David Hussey was the original T20 specialist when the Indian Premier League (IPL) kicked off in 2008. Kolkata Knight Riders paid $625,000 in the auction to bring the Aussie on board and Hussey emerged as a key player for the Knight Riders and eventually went on to play seven seasons in the tournament. He continues to be associated with the Knight Riders.
Hussey admits that with improved technology, the T20 game, too, has evolved over the years.
Hussey, now the head of men’s cricket at Cricket Victoria, shares his thoughts with Sportstar about the changes in T20 cricket, the road ahead and more…
When T20 cricket came in, you were considered among the specialists in the format. How do you assess the evolution of T20 cricket?
So, the best way I could describe it is that the game has evolved over some time because the technologies have improved. The bowlers have got better at executing all their skills. You do a lot of planning and preparation on what batters can and can’t do.
Whereas back in 2006-2007, when the IPL started in 2008, we would just be trying to execute yorkers rather than bowl slow-ball bouncers, wide yorkers or length ball, everything has really improved.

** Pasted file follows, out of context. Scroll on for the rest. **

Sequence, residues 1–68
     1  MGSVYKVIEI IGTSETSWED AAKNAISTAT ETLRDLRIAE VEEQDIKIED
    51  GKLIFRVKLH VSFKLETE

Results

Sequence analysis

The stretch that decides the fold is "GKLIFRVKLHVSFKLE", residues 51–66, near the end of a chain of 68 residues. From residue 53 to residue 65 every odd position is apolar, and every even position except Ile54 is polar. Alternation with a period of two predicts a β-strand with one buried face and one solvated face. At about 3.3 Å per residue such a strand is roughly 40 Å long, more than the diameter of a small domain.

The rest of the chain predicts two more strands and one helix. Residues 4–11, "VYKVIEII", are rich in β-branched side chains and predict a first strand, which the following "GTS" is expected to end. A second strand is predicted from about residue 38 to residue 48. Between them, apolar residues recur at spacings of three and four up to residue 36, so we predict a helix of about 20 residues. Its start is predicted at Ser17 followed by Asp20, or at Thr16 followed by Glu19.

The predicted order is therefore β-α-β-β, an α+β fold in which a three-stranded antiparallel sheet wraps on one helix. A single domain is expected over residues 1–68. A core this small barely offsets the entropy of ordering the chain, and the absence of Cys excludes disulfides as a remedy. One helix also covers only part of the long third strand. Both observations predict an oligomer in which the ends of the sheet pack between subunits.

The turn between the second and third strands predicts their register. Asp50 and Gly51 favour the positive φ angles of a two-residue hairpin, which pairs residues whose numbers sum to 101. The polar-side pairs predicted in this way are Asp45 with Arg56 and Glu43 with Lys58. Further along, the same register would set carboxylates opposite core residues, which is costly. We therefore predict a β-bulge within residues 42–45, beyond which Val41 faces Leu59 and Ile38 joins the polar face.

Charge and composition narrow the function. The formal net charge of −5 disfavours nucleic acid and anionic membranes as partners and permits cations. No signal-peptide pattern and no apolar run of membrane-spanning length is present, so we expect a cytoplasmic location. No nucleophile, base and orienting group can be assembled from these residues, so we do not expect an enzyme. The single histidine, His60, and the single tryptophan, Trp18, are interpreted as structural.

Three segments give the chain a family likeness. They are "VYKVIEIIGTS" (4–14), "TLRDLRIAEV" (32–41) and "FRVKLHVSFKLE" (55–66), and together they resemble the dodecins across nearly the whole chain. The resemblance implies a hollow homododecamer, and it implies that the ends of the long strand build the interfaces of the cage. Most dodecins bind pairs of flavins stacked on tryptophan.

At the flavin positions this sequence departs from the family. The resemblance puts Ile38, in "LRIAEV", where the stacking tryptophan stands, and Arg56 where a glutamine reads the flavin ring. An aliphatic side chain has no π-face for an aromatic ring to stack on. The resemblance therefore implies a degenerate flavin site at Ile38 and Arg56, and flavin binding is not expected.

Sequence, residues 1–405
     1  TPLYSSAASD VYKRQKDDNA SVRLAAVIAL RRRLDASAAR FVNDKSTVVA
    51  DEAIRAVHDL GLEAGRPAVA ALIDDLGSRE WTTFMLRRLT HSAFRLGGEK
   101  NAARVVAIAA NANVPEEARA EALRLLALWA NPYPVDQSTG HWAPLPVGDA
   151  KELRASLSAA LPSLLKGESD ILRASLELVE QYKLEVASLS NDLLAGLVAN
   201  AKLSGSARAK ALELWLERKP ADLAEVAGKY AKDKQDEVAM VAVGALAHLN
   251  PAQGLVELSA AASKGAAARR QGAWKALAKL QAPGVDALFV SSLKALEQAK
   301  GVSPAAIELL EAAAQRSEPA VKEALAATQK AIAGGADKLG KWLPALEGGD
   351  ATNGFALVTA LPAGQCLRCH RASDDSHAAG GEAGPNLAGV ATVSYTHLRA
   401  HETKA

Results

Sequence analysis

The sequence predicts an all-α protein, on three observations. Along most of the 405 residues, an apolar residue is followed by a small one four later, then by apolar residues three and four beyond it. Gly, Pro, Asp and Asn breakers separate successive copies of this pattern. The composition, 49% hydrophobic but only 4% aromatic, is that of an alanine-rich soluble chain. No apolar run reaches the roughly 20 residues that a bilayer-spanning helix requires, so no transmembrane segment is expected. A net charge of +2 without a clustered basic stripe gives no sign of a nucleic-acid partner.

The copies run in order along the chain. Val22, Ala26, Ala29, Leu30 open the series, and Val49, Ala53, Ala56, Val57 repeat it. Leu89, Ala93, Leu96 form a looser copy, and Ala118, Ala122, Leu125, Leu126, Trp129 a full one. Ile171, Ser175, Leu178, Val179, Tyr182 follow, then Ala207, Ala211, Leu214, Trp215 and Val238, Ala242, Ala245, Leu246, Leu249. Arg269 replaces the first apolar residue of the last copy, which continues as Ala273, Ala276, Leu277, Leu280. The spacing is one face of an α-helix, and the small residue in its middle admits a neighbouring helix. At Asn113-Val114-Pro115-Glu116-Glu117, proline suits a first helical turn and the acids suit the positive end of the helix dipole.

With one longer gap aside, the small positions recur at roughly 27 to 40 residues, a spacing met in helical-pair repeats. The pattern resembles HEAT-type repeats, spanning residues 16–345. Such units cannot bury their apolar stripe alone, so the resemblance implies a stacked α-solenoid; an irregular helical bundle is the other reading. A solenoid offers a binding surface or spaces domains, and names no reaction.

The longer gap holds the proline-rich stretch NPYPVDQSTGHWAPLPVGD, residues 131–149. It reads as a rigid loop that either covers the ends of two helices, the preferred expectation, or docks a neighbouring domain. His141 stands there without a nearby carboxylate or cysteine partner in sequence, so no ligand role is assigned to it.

The planning and the preparation have improved because every ball is important. But from a batting point of view, you are playing on smaller grounds as well. So, if you hit a six, the old-school thinking was that you try and get a single and get off strike. So, seven off two balls.
But the new school of thinking is to try and hit another six, follow it up by another six and then another and get 20 to 25 runs off the over, which breaks the back of the opposition.
The fielding has improved immensely. Some of the fielding that the players do today is phenomenal. It’s out of this world. So, athletics has helped.
Over the years, with so many tournaments played throughout the year, the competition is immense. What are the key skills that today’s T20 players should have?
What I look for is a three-dimensional player, who can bat, bowl and field, so that they can contribute to the team in all three disciplines of the game.
If you are a wicketkeeper, you must bat and dominate.
In terms of stats, it’s all about the strike rate with the bat. And then with the ball, it’s average and the strike rate combined. You get around between 25 and 30.
I think (Jasprit) Bumrah’s stats are about 22-23 and that’s why he is arguably the best T20 bowler in the world. He’s being missed at the moment by India in the T20 World Cup.
For franchises, it’s also about networking and asking players and people all around the world about different players and their skill sets and their strengths and weaknesses. So, it’s quite a big business and I know at Kolkata (Kolkata Knight Riders), we use A.R. Srikkanth and I believe he’s one of the best statisticians and player evaluators in the world.